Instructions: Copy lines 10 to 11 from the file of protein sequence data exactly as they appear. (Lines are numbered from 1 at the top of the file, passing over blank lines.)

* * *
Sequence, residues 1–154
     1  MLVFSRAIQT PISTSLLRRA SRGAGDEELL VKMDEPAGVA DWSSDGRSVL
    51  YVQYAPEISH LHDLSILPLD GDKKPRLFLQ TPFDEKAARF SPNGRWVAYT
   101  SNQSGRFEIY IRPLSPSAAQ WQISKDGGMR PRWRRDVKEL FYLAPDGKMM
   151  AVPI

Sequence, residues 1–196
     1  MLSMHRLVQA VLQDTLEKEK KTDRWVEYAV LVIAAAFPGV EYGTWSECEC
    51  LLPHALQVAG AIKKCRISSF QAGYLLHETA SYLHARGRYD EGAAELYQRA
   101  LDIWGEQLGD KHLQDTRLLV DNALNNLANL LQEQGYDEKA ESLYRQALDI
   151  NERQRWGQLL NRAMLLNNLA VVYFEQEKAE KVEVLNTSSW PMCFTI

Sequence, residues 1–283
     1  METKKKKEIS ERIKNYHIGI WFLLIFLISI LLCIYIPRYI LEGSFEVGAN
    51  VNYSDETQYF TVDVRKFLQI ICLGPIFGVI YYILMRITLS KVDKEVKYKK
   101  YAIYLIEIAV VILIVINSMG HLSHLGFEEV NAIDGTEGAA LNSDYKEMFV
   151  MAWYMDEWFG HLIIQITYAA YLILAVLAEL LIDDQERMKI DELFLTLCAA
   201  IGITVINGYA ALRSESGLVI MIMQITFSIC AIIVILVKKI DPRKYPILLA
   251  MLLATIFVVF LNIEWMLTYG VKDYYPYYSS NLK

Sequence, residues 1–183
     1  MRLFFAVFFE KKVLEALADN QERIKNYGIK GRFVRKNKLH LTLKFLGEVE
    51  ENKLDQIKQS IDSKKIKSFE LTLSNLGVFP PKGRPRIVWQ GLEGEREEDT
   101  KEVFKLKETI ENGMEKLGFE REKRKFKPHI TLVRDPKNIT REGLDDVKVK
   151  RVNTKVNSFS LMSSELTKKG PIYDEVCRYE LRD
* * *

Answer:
   151  NERQRWGQLL NRAMLLNNLA VVYFEQEKAE KVEVLNTSSW PMCFTI

Sequence, residues 1–283